Keeping costs at a minimum are what majority of us live by unless one is a high net worth individual in which case, money is never a problem including spending it.
For the rest of us, there is usually a rigorous thought process involving budgets and bargain-hunting before making a purchase whenever there are availability of options.
However, there are instances whereby monopoly reigns supreme and the flexibility of choice is non-existent thus forcing consumers to make do with whatever it is that is offered.
A perfect example of such a scenario here in Kenya is electricity distribution which is currently dominated by Kenya power and lighting company also referred to by the acronym Kplc.
Since time immemorial, there has been a love-hate relationship directed towards Kplc by it’s consumers due to poor service delivery coupled with exorbitant tariff charges.
A recurrent subject matter that almost always earns Kplc the wrath of Kenyans is the issue of token delay attributed to downtime due to system maintenance.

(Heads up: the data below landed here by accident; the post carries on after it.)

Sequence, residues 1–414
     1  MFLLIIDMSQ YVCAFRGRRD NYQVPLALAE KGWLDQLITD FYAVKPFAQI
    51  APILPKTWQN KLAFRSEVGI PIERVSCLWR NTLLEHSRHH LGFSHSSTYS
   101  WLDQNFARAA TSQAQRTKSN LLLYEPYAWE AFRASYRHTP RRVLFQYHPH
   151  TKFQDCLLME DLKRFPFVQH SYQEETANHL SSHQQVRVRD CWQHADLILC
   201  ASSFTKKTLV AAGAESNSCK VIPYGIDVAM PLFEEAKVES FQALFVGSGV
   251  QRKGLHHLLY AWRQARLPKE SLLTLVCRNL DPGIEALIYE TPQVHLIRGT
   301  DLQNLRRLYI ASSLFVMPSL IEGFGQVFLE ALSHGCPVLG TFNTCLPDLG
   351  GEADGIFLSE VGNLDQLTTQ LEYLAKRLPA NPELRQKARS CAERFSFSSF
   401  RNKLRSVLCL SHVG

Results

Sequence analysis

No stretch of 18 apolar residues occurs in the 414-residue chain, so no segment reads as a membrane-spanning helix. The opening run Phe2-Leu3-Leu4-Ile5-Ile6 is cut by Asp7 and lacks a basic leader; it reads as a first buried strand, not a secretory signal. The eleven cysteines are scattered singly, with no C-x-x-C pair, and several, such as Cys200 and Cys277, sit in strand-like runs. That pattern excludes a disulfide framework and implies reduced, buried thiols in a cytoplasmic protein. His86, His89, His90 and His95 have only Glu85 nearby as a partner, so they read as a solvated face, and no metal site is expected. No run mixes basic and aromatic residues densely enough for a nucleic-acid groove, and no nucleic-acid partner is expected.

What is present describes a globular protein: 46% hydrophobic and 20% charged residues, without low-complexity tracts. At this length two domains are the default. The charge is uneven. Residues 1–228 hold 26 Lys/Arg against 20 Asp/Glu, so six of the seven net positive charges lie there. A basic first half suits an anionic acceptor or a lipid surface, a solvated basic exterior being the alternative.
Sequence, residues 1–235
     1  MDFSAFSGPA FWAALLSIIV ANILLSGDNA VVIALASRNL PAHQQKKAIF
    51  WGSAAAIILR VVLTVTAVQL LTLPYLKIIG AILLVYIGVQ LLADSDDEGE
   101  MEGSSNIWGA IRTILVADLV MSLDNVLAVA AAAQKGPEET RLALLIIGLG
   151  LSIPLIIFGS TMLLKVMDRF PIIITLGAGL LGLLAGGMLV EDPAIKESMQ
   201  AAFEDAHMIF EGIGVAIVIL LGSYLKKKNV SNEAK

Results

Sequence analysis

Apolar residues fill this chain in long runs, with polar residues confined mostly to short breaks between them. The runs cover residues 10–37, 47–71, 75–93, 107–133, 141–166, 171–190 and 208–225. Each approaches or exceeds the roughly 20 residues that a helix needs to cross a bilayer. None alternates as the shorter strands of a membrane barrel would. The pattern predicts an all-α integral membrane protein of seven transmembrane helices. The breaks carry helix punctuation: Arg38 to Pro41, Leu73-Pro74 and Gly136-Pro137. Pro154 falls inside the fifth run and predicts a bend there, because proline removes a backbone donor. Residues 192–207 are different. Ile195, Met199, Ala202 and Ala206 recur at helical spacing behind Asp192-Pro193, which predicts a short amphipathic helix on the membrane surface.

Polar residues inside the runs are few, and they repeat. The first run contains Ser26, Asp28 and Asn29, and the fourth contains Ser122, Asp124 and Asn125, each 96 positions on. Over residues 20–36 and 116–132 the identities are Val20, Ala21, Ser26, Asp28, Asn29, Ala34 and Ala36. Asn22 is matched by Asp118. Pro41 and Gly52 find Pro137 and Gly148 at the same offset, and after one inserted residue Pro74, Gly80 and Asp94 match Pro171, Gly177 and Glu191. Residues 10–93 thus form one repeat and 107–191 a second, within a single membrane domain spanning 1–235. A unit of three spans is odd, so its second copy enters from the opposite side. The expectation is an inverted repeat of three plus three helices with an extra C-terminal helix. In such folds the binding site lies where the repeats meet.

Another bone of contention revolves around the issuance of varying token units when purchasing tokens of similar value amounts. i.e Ksh100 can buy 6 units while another individual buying tokens of a similar amount, gets lesser units.
A common explanation offered by Kplc in regards to such differences in token unit allocation is as a result of a shift in a consumer’s tariff.
This means that consumption over a certain duration should not surpass a given tariff otherwise, it will shift to the next tariff implying different charges.
Therefore, if you require to buy tokens cheaply, you need to ensure that your average consumption over a 3-month period is below 100kWh.
By doing this, you will spend less but get higher units.